Home News Comparing Android Marshmallow to iOS 9

Comparing Android Marshmallow to iOS 9

Oct 16, 2015
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Both Android and Apple fans have been dealt a great hand in the past month, as both Android and iOS got new updated operating systems, along with new devices launching for each. Android Marshmallow was released in October and iOS 9 was released in September, and ever since then people have been wondering what the differences were between the two newest operating systems, and which one is better to purchase.

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Since both operating systems have now been released, it is a good idea to compare the operating systems to see which new features really stand out among both devices, and although there are new features added to both, chances are either you are an iOS fan or Android fan. Here are some of the important updates to Android and iOS and how each of them compare to one another.

Privacy– When it comes to privacy, iOS used to be the best when it came to built in privacy features for users, but over the years people have turned a little more towards Android, even though iOS could still be the best in this department. While iOS 9 does not come with any new privacy features, you can still expect the same privacy as before.

When you look at Android Marshmallow, there are now eight core permissions that you need to grant apps, including access to contacts and the microphone. Before it was an all or nothing approach to apps and permissions, but now you can have a little more leeway in terms of what permissions you grant the apps, which is a step in the right direction towards a more privacy-concerned user.

Battery Life– Android Marshmallow and iOS 9 have both increased battery life and battery capabilities, which is great considering that before, battery issues were a thing that affected both operating systems. Android created something called Doze on the new Android Marshmallow, which is a really neat feature that lets a motion sensor in the smartphone detect whether or not an app is being used. If the app is not being used, the phone will shut down the app accordingly, and this will save you battery life.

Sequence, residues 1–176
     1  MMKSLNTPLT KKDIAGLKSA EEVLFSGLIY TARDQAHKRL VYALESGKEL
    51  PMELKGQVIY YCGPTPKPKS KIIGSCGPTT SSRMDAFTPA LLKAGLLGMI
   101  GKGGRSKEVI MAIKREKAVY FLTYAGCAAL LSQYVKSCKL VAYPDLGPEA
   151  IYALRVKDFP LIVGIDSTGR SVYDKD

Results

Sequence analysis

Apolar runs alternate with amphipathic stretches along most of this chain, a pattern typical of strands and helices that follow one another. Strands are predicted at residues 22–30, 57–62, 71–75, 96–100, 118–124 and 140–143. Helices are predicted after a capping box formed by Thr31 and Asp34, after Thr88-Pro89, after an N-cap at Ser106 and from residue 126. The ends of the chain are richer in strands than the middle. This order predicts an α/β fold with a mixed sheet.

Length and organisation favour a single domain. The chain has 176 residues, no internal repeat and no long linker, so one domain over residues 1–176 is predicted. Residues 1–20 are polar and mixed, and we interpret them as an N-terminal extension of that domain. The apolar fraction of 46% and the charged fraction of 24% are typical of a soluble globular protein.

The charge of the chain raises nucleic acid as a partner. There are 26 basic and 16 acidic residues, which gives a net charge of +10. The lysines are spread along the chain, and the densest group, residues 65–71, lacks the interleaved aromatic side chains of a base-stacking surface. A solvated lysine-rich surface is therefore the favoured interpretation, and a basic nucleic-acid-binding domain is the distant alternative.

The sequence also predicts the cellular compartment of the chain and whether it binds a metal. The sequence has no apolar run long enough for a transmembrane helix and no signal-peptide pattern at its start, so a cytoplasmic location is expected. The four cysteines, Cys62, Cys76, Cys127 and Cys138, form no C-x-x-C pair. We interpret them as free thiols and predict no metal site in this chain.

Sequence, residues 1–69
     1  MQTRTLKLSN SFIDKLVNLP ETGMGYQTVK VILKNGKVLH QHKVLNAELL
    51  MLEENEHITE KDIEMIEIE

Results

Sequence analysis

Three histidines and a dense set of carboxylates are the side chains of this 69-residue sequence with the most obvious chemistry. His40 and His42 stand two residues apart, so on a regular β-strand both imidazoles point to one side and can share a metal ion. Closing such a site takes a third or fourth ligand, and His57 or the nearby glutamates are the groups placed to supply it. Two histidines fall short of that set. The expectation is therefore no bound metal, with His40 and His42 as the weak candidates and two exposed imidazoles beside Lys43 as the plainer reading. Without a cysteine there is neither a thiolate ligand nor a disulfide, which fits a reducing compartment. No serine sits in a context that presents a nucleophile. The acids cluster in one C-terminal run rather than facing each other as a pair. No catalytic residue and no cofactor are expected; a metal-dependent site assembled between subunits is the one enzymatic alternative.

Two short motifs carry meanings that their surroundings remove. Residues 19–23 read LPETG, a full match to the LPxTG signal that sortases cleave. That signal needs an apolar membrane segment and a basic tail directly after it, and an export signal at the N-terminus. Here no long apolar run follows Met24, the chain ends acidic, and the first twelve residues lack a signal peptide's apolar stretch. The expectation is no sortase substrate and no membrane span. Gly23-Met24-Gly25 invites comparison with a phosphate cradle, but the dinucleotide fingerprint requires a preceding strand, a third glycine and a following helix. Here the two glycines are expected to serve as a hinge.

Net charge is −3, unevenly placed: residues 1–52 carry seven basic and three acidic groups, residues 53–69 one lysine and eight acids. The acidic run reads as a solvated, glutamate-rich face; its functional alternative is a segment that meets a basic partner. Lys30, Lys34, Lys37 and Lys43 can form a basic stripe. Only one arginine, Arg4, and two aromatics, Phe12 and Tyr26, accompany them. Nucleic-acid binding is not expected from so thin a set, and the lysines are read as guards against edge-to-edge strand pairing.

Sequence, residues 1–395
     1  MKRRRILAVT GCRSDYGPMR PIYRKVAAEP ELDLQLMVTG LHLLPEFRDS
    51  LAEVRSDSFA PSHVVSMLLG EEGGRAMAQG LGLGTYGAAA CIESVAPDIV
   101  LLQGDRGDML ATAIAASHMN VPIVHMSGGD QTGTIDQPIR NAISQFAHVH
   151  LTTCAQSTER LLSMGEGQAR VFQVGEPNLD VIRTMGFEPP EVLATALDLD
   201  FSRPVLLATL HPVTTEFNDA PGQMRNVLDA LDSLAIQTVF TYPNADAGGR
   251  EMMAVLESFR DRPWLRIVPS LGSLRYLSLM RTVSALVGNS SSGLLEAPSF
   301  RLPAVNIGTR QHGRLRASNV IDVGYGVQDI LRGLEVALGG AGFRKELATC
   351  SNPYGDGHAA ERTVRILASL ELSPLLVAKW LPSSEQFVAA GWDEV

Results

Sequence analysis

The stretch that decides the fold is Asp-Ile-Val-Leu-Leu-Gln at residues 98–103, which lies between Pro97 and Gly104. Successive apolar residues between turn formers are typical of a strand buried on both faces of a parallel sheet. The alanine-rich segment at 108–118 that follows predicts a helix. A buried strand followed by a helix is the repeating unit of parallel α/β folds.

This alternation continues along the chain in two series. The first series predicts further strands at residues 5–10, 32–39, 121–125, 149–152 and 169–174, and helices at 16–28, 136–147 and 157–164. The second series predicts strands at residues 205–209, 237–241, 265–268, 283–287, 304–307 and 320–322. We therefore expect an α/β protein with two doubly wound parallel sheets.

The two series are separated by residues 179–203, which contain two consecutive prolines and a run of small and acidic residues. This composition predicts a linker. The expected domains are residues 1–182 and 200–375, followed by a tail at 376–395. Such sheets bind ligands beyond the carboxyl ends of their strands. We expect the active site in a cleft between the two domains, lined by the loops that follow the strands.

On the other hand, Apple created Low Power Mode for iOS 9, and it also provides you with a way to optimize the settings to help you conserve battery life, especially if your battery is very low, and this means you will still have the ability to make a call or send an email if you need to. Even with Doze being a cooler feature, Apple has always had a leg up on battery life and saving battery power.

Interface– Both iOS 9 and Android Marshmallow look similar in terms of the user interface, with both using home screens that have widget support and home screens that also support app icons. With Marshmallow and iOS 9, not much changed in either one in terms of the interface, also a few tweaks were made that can make things look much cleaner on both operating systems. If you look at iOS 9, it looks a lot like iOS 8, and Android Marshmallow pretty much looks like Android Lollipop, so you won’t find much difference here as they both play off of past versions of their own system.

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Digital Assistants– One good thing about iOS 9 is that you have a new and improved Siri, along with Proactive, which is a screen that begins learning who your common contacts are, and learns what apps you use most often. Proactive offers a lot of shortcuts to the apps you use a lot and the contacts you communicate with the most. Siri also is able now to give you more relevant results for what you are searching for, and also has voice recognition abilities so you can train Siri to know your voice and commands.

For Android Marshmallow, you have Google Now on Tap, which is like a Siri competitor, and Google Now on Tap understands the context of your question, and you can use this within an app so that you do not have to close down an app to search, and then provides you the answers within the app you are currently using. In terms of which is better, Google Now and Google Now on Tap are far superior to Siri.

Compatibility– In short, iOS 9 is way better as it can support much older devices and models of iPhones, even iPhone 4S. Android Marshmallow is more limited and is only supporting devices from a couple of years ago, with limited 3-year old devices being supported. Only major manufacturers get Android updates, whereas iOS 9 has a much broader appeal and can be used on much older devices spanning several years ago up until the newest release this year.